story and photos by Kayte Deioma
Quad Cities is a very family friendly destination, with children’s programs or activities at most attractions. Even the hotel where we stayed at the Isle of Capri Casino had an indoor pool that was always packed with kids, and cribs were available for the room. But there are a couple places in the Quad Cities that are just kid heaven.
For toddlers through pre-teens, the Family Museum in Bettendorf offers hands-on learning experiences that can keep youngsters entertained all day. My niece Becca, 9 and nephew Declan, 2, enjoyed their stay so much that we squeezed in a second visit before leaving town.
Making noise is always fun, so applying the mallets to xylophones made of different materials and banging on steel drums in a special sound-proof room in Rhythm Alley were perfect 2-year-old diversions that Becca also enjoyed.
In the Amazing Acres exhibit, you can puff a cloud into existence, spin up a tornado or generate lighting in the weather display. Drive a John Deer combine through virtual corn fields; learn how farm goods become food at the market; groom and ride a stuffed horse, or fill up the car with bio-fuel. Our little squirrels enjoyed scampering up a giant tree trunk, and Declan became attached to a wooly sheep that was almost as big as he was.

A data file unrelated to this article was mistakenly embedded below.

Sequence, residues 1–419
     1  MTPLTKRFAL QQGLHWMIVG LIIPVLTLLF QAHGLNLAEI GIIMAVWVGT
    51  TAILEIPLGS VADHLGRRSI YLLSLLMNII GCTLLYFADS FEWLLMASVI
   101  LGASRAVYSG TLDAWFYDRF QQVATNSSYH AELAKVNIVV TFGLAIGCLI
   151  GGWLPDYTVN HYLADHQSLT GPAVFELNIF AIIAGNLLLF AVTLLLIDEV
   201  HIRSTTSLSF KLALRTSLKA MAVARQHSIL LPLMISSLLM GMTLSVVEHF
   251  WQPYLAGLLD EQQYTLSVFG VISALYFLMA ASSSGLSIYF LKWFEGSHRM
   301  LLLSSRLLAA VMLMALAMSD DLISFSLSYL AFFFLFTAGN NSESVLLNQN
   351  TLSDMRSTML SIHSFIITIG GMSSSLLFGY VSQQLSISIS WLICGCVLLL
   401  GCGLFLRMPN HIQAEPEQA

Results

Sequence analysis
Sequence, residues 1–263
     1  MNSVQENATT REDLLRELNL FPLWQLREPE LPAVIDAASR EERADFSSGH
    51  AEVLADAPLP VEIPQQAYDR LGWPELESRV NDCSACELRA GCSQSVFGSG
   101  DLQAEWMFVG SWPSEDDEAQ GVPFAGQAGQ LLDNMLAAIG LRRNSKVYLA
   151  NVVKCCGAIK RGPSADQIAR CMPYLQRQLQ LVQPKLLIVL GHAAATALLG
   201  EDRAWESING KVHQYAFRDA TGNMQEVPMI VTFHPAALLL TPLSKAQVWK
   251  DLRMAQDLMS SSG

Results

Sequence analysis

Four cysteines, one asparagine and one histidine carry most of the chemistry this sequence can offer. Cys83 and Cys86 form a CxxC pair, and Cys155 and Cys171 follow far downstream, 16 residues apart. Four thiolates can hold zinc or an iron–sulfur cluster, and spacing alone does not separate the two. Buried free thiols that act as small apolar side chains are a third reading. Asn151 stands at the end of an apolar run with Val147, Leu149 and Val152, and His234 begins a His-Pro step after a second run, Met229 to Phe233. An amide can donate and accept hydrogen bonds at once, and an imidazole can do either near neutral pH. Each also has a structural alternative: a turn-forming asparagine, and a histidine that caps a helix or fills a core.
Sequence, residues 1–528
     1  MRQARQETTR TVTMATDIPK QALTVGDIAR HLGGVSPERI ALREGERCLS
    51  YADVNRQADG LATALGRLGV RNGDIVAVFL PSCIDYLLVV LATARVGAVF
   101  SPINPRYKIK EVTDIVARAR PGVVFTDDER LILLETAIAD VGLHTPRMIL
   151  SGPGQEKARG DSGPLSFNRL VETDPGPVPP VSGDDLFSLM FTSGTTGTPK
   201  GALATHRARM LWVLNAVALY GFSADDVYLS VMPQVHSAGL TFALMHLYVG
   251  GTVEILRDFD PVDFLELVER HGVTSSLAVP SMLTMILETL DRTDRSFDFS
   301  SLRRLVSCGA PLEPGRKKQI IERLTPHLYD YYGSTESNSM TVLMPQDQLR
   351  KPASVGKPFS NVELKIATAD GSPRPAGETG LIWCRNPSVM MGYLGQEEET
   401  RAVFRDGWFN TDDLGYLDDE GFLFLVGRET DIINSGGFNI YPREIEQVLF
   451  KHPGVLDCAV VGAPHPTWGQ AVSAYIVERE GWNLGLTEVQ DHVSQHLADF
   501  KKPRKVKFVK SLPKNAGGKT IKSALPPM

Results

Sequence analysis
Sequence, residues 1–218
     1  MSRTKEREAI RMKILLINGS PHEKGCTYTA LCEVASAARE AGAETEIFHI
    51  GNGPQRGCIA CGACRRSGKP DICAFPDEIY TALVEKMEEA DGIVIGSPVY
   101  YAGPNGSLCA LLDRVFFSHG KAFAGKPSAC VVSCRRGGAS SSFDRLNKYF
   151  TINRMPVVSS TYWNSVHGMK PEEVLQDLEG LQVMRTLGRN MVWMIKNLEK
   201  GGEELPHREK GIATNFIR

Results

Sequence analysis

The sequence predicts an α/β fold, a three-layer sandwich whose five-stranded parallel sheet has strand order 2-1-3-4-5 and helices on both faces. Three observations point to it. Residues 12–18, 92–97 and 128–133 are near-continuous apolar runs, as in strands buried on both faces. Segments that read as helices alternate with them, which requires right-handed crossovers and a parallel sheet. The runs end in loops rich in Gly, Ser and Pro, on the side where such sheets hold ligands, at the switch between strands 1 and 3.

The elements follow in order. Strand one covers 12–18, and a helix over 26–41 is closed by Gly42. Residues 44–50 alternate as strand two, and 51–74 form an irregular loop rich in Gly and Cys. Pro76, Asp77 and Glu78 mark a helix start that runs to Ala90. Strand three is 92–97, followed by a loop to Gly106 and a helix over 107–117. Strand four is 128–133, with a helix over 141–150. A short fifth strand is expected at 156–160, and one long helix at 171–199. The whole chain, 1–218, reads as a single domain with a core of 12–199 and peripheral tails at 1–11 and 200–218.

In Watts Up with Energy, see how hard you have to peddle a bicycle to generate enough energy to run a light bulb, a blender or a blow-dryer. The Energy Hog, a giant pig in a leather jacket, holds an interactive display that uses computer games toteach lessons on saving energy around the house.
The Human Body exhibit allows kids to assemble a skeleton like a puzzle from xrays of different bones, and try to insert all the organs in the right spaces in a plastic torso. A high-powered microscope gives a close up look at tiny blood cells; while a giant model of a heart lets you walk right through its chambers.
There’s a special play area called the Garden where parents can let toddlers loose to climb and explore. The gift shop is full of learning-inspired toys, and if you need a lunch break, there’s a café in the Library next door.
Michael’s Fun World
For kids 5 through teens and adults, another great option is Michael’s Fun World. This was Becca’s favorite stop on our trip. Outdoors, Michael’s has a go kart track and miniature golf course, but on a rainy day you’ll want to head for the indoor fun.
The main warehouse-size building is filled with inflated play areas with competitive games like trampoline basketball and jousting. There’s even an air-filled obstacle course for two. Of course there’s one just for bouncing that requires no skill at all, just socks.
A climbing, sliding playground that rises three stories into the rafters, a rock climbing wall and the inflatables are all included in the price of admission. There’s also a full arcade with video games, simulators, skill games and a couple lanes of Bowlingo requiring the purchase of tokens.
For hunters and warriors, there’s a separate room and a separate fee for laser tag. Wearing glow-in-the-dark green and orange vests, two teams face off against each other in a dark room, skulking among pseudo-structures to shoot the enemy’s vests and disable their lasers. They aren’t’ finished for good; they just have to recharge before getting back in the game.
A separate building holds the baseball and softball batting cages with automatic pitching machines.